Built on Relationships.
Backed by Results.

Formerly Central Kentucky Research Associates

AMR Lexington was originally founded in 1991 as Central Kentucky Research Associates (CKRA) by Deborah Dyer, RN, BSN, and the late Jacqueline Smith, RN, BSN.  CKRA was Kentucky’s first independent clinical drug research facility and one of only a few such facilities in the nation that was owned and operated by women who were not physicians.  In 1994, CKRA was asked to join the prestigious Alliance for Multispecialty Research (AMR); an elite network of clinical research sites whose membership is by invitation only and the culmination of a rigorous peer review and acceptance process.

In 2017, 15 AMR centers merged their businesses to form a single company. AMR now includes 27 locations across the continental United States, 126 investigators, and access to databases of over 657,344 patients. As one company, AMR now offers improved efficiencies with the same exceptional quality and industry professionals you trust.

Our Facilities Include

Dedicated research exam rooms
On-site lab and processing
Inpatient and outpatient
ECG machines, X-ray, and DEXA scanning
double-locked drug storage
Climate-controlled archival
-20° and -70° refrigeration and dry ice
24hr ABPM equipment
emergency EQUIPPED with back-up power
Private areas for monitors
Spirometry and Infusion pumps
Ambient and refrigerated centrifuges

AMR Offers

  • Investigators who are dedicated community leaders experienced in clinical research
  • Patient databases with more than 30,000 adult, geriatric, and pediatric records
  • Full-time dedicated Research Coordinators (65% ACRP certified)
  • In-house quality assurance program
  • Dedicated regulatory and patient enrollment staff
  • Bilingual coordinating staff and physicians
  • Historically meets or exceeds enrolling commitments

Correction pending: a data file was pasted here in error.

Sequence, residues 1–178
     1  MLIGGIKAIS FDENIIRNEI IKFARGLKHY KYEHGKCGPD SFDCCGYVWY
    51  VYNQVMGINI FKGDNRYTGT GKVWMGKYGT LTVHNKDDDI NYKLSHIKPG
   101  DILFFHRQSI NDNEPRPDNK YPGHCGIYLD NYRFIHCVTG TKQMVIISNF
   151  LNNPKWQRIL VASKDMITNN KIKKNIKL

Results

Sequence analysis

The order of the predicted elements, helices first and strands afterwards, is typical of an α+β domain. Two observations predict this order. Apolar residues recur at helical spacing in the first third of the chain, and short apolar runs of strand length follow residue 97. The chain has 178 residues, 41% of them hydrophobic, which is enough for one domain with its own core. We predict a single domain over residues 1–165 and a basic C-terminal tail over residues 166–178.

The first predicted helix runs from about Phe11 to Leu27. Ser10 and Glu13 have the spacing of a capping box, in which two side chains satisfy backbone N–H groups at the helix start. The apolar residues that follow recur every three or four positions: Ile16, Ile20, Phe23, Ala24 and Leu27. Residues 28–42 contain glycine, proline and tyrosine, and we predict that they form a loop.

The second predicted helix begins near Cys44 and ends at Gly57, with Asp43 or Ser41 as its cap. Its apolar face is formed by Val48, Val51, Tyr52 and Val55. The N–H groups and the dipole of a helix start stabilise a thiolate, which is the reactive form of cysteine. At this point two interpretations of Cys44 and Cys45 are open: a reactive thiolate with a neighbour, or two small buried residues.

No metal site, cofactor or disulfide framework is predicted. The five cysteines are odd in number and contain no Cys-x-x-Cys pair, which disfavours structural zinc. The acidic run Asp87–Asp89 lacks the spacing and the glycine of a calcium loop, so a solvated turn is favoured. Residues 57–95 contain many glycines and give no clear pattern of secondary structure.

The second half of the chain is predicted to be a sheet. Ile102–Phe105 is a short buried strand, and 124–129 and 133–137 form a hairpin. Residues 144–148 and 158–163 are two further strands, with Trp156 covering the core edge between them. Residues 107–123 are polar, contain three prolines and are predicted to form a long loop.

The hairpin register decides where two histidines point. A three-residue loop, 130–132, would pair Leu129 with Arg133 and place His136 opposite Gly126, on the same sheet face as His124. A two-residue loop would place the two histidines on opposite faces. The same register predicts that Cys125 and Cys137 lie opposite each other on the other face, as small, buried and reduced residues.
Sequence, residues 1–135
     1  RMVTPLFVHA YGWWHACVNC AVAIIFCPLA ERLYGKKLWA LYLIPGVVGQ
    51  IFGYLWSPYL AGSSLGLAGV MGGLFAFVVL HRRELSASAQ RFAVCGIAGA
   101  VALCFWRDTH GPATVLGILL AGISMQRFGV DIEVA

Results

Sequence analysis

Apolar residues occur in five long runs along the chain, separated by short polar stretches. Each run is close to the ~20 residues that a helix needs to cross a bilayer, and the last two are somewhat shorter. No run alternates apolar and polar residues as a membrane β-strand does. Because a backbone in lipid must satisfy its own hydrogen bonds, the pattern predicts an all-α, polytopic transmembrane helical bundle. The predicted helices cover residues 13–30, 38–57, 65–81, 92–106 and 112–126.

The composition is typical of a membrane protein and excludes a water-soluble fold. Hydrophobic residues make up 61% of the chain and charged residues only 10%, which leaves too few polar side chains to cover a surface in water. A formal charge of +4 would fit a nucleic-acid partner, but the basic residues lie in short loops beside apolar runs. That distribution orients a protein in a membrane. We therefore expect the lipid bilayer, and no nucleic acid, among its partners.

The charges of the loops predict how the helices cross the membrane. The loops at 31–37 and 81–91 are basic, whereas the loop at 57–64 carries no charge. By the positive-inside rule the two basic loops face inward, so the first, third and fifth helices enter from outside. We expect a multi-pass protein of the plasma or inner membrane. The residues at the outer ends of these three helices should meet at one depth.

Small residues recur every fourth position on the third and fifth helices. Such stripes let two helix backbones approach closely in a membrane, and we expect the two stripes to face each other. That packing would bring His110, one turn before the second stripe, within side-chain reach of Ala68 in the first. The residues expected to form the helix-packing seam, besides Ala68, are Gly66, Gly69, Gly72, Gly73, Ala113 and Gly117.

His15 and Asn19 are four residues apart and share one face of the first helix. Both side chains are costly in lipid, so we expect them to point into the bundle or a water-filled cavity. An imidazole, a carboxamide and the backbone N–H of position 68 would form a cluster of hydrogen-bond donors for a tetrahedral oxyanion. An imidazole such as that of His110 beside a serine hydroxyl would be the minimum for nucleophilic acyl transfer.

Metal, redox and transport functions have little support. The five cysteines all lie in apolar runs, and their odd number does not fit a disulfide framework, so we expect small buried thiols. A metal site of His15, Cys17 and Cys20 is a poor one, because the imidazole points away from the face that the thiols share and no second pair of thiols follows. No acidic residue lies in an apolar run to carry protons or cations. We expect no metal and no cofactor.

• Ability to utilize Central IRB
  • Commitment to only accepting studies appropriate for site patient population and staff expertise
  • Ability to pre-identify study patients, majority coming from physician’s practice
  • HIPAA compliant and IAATA Certified
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Our Mission

Building a healthier future, one clinical trial at a time.

Our Philosophy
. . .
We seek to improve health care locally and globally by managing clinical trials in a prompt, efficient manner and to the highest quality standards. We treat our customers – Pharmaceutical Companies, CROs, investigators and their clinic staff and patients, as well as our team members with the utmost respect and professionalism. We provide the best possible experience for our customers during the clinical trial process and accept no excuse for less than outstanding service and resolution to all issues – predicted or unforeseen.
. . .
Our Values
|
Humility
Integrity
  Professionalism  
Accuracy
Respect
|

Our Clinical Trial Experience

AMR is committed to excellence in producing the highest quality data while meeting ethical and professional standards of the pharmaceutical industry. Investigators are board-certified in their own therapeutic specialties, whose colleagues and patients rely on their medical expertise. Our investigators are affiliated with major physician group practices providing them with access to patient populations that might be candidates for research studies. As part of their continuing medical education, they regularly participate in local and national symposia and conferences.